KELOWNA - Most wine drinkers have wine glasses, and some go further and have white wine and red wine specific glassware, but what if there was a glass specially made for each type of wine?
Wine glasses, made specifically for certain varietals, are hitting the shelves in the Okanagan, and they have wine lovers hooked.
“I was ready to be fairly cynical, it takes a lot to surprise us now in the wine industry, but I’m converted,” Kelowna sommelier Kerry MacNaull says. “It made me rethink using everyday stemware.”
MacNaull took part in a Riedel wine glass comparison tasting, in which a selection of wines were poured into different glasses to showcase how much the taste of a single wine can differ depending solely on the glass.
“The first tasting was a riesling, so it was poured into the riesling glass, a pinot noir glass and a chardonnay glass,” MacNaull. “In the riesling glass it tasted amazing, but in the chardonnay glass it was completely different, and it had a weird, funky smell in the pinot noir glass. The difference was profound.”
According to Alysha Harker, sommelier and regional Riedel Crystal manager it’s all about physics.
“The glassware differs in rim diameter, bowl shape and length of the bowl,” she says. “Think about your tongue, the tip is meant for sweet, the sides meant for bitter and sour, and the back sometimes salty - or more alcohol tasting. The glass is made with that in mind and changes how the wine hits your palate.”
This would seem to explain why when MacNaull bought a friend from out of town her two favourite bottles of Okanagan wine, they tasted completely different from what she remembered.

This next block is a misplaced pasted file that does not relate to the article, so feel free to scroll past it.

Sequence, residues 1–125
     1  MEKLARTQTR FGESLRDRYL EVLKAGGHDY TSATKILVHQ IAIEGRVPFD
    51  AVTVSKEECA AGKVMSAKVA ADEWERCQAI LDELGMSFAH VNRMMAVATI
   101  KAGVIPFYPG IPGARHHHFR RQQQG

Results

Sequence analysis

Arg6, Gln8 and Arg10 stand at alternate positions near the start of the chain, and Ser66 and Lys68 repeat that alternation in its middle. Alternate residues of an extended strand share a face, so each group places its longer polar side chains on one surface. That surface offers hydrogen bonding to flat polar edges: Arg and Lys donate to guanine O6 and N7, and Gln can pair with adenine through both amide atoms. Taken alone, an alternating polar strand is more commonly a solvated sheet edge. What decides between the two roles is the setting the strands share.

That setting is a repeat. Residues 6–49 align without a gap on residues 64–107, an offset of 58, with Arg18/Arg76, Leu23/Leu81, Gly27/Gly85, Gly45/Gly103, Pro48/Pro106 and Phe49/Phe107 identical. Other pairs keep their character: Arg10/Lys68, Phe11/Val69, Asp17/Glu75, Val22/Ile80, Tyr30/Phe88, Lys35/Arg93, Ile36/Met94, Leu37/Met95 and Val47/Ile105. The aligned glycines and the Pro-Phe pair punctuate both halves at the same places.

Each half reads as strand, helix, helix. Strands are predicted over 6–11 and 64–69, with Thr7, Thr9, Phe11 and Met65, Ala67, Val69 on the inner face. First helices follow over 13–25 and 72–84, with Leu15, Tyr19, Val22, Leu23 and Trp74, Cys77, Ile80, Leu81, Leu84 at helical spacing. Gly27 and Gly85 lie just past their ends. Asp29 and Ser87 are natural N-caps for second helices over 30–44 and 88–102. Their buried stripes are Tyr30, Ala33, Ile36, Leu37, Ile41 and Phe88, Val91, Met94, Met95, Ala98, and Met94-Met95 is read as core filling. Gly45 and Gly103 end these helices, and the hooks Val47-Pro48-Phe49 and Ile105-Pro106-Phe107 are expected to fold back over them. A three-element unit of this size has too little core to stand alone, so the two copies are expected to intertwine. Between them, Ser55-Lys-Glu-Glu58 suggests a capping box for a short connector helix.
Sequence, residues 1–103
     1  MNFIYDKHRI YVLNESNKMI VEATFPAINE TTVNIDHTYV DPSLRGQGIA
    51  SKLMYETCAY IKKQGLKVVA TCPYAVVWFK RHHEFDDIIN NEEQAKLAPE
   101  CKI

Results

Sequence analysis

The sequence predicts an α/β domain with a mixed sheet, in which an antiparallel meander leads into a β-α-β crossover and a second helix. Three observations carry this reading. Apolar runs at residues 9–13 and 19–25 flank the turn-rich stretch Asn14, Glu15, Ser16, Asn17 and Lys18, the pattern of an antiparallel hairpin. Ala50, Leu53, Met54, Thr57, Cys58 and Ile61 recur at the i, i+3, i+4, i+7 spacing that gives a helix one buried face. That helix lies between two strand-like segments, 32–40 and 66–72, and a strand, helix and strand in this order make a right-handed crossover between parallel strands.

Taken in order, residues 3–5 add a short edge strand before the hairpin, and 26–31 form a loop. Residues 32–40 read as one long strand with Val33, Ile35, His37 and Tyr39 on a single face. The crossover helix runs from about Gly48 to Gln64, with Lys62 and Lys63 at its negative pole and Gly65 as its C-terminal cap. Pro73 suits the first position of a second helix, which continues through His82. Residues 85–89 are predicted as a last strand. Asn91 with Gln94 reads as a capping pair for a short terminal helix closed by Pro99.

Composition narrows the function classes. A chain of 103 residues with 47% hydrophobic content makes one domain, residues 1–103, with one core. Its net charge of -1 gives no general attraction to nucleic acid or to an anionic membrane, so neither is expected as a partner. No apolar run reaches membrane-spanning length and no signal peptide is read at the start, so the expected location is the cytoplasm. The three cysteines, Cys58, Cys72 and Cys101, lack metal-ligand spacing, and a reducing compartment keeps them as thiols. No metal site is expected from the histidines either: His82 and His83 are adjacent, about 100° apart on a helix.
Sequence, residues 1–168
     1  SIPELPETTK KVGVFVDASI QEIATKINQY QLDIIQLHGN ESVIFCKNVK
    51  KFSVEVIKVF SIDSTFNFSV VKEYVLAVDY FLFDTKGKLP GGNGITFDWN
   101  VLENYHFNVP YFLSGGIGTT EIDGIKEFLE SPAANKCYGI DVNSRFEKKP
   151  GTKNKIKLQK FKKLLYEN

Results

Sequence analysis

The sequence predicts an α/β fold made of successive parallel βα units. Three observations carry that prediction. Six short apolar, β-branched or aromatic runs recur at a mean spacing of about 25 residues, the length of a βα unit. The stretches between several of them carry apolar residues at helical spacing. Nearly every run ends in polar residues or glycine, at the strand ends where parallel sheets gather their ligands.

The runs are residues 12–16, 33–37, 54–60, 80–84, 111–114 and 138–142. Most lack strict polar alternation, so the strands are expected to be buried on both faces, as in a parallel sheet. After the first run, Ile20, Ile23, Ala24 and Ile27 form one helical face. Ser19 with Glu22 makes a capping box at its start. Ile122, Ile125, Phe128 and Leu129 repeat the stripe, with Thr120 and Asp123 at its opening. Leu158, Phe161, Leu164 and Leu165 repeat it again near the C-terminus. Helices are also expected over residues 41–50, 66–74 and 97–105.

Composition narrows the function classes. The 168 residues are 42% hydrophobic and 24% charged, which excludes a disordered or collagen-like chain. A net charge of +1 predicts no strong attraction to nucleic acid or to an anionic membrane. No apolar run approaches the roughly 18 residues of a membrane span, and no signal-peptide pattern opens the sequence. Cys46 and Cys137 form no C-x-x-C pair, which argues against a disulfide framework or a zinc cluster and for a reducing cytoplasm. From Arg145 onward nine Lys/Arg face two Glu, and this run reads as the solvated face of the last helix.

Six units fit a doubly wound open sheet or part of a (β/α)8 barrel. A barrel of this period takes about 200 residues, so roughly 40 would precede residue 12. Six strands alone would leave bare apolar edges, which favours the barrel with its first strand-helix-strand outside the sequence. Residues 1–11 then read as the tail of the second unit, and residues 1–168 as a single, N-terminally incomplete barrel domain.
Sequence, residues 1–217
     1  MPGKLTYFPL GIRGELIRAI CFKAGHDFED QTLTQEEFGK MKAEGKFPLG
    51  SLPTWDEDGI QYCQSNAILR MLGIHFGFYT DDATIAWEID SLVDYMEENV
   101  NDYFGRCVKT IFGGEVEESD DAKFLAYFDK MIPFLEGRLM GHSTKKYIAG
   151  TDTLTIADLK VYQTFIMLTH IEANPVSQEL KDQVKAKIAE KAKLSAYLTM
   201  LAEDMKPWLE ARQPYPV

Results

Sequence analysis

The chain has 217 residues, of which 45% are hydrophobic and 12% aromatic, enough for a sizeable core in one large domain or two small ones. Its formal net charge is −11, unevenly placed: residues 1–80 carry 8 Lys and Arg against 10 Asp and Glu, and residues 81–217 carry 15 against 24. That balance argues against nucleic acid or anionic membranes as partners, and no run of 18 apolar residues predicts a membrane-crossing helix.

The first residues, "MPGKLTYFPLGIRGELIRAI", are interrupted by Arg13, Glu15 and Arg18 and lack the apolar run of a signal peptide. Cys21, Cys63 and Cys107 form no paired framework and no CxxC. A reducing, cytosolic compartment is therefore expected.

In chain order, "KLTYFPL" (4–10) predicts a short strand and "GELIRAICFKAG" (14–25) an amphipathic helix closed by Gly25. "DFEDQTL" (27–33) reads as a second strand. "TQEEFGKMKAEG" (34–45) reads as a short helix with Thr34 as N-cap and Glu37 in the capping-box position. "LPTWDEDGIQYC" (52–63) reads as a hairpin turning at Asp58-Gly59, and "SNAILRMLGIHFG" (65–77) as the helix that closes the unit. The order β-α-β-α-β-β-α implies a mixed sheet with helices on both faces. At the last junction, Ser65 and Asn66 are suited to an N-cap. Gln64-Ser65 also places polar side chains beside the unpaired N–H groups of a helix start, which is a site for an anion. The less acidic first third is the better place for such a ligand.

“I really hyped up the wines, and when we drank them, it was like what happened, I was really disappointed,” MacNaull says. “I didn’t think anything of drinking it out of regular glasses at the time, but now I wonder if I had the right ones, if it would’ve been different."
— This story was updated at 8:45 a.m. Thursday, Aug. 24, 2017 to correct the spelling of the word palate. Thanks to reader Lynne Stirling for catching the mistake.
To contact a reporter for this story, email Jenna Hickman or call 250-808-0143 or email the editor. You can also submit photos, videos or news tips to the newsroom and be entered to win a monthly prize draw.
We welcome your comments and opinions on our stories but play nice. We won't censor or delete comments unless they contain off-topic statements or links, unnecessary vulgarity, false facts, spam or obviously fake profiles. If you have any concerns about what you see in comments, email the editor in the link above.